In modern life, is there such a thing as a gentleman?

Michael Simkins unpacks what constitutes a gentlemen in the world today

What constitutes the definition of an old-fashioned English gentleman? Eric Feferberg / AFP Photo
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What constitutes the definition of an old-fashioned English gentleman? The socialite Leonora Cunningham once defined it as being someone “who can fold a newspaper on a crowded train”. Country Life magazine has come up with a new list of essential prerequisites that any modern gentleman must possess to deserve the title – and it makes for interesting reading.

While today’s gents would be more likely to be found at the Glastonbury festival rather than at the Royal Opera House, and drive a 4x4 rather than a Rolls-Royce, some things haven’t changed, and of the 39 essential traits listed by the magazine, many would still be recognised by the inhabitants of Downton Abbey. These include “tipping staff and the gamekeepers in any private house”, having the ability to “train both a dog and a rose”, and “never letting a door slam in someone’s face”.

Sartorially speaking, a gentleman similarly never blow-dries his hair, never wears sandals, and “can tie his own bow tie”, rather than relying on the ready made elasticised contraptions favoured by so many nowadays. And as for wearing lilac-coloured socks, the magazine leaves us in little doubt that this is close to being a hanging offence.

So far so good – nothing here to frighten the horses and suggest that the fabric of the nation is tearing like tissue paper. But wait – in among these time-honoured accomplishments that are said to signify nature’s true aristocrats, there are other, more modern skills included in the inventory, ones that that suggest a much looser, not to say loucher, approach to modern mores.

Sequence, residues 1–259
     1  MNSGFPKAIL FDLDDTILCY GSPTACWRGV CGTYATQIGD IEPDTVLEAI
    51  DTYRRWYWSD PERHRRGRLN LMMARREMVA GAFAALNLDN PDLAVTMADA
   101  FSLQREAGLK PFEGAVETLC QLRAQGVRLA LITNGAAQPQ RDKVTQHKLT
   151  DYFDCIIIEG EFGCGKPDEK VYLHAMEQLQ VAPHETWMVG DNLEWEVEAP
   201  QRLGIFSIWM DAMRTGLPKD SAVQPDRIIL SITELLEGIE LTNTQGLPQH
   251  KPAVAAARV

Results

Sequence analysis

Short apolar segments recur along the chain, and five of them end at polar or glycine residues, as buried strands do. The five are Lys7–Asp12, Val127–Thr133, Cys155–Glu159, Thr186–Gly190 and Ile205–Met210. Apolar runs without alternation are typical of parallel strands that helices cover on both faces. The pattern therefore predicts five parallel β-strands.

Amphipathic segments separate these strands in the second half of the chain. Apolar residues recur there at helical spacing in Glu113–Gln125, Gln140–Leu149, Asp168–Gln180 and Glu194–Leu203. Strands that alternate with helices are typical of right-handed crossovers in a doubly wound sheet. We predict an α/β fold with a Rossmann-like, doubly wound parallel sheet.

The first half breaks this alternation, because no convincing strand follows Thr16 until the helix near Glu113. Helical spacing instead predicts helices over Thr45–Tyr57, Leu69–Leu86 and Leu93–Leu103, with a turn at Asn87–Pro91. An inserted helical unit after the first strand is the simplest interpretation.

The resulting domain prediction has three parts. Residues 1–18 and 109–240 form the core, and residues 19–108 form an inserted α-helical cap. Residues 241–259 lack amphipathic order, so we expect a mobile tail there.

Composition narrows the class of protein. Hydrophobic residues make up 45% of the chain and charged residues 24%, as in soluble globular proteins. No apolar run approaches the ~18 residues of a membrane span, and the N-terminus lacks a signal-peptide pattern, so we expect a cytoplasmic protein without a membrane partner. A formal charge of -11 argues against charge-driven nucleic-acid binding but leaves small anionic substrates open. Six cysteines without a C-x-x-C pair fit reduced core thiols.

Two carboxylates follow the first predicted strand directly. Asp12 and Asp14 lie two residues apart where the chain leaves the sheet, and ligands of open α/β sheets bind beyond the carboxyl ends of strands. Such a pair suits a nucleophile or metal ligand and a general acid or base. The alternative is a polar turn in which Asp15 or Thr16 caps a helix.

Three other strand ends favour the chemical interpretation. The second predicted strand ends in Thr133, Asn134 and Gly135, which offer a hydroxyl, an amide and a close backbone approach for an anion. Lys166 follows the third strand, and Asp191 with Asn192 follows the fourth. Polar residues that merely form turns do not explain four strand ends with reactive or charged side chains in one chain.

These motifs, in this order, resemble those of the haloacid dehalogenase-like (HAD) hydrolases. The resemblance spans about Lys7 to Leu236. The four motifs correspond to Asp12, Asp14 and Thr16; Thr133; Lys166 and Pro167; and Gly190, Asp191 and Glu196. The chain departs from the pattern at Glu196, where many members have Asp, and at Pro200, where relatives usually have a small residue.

A thoroughly modern gentleman, it states, “can negotiate airports with ease”, will “recognise that facial hair is temporary whereas tattoos are permanent”, and “always turns his mobile phone off when at dinner”.

He should also be able to cook an omelette to die for, would never own a Chihuahua, and knows when to use an emoji. I confess I had to look this term up to even find out what it meant, let alone when to use it (it turns out it describes those insufferable little electronic illustrations used to punctuate the end of text messages).

In fairness, the Country Life list merely mirrors the loosening of conventions in our more modern, less class-ridden Britain.

Indeed, the royal princes themselves, William and Harry, are just as likely nowadays to be photographed wearing jeans and T-shirts as sporting evening dress or sober suits, a sartorial and cultural relaxation that would have been unthinkable even to their father, the Prince of Wales.

Indeed, many frustrated toffs argue that it’s almost impossible to be a gentleman nowadays in a world that is changing so rapidly and in which social interaction has become so fluid.

As for demonstrating courtly chivalry (surely a prerequisite of anyone wishing to claim the appellation of a true gent), whenever I open a door or offer my seat on a train for any passing female nowadays they nearly faint with shock. In modern, classless Britain, it’s every man – and woman – for themselves.

Still, when all is said and done, the definition of true gentlemanly conduct surely lies, as with everything, in the eye of the beholder. My brother, who is an itinerant jazz musician, once recalls playing in a particularly rowdy working men’s club in the north of England during which a female singer of ample proportions and even more ample vintage was being roundly heckled during her big number by the assembled audience, who were anxious to get to the real business of the evening, their nightly game of bingo.

At length the compère shouted from the wings “Now come on everyone, give the silly old bat a chance.”

“Thank you sir,” she said, turning to her saviour with tears of gratitude in her eyes, “at least there’s one gentleman in the building …”

Michael Simkins is an actor and writer in London

On Twitter: @michael_simkins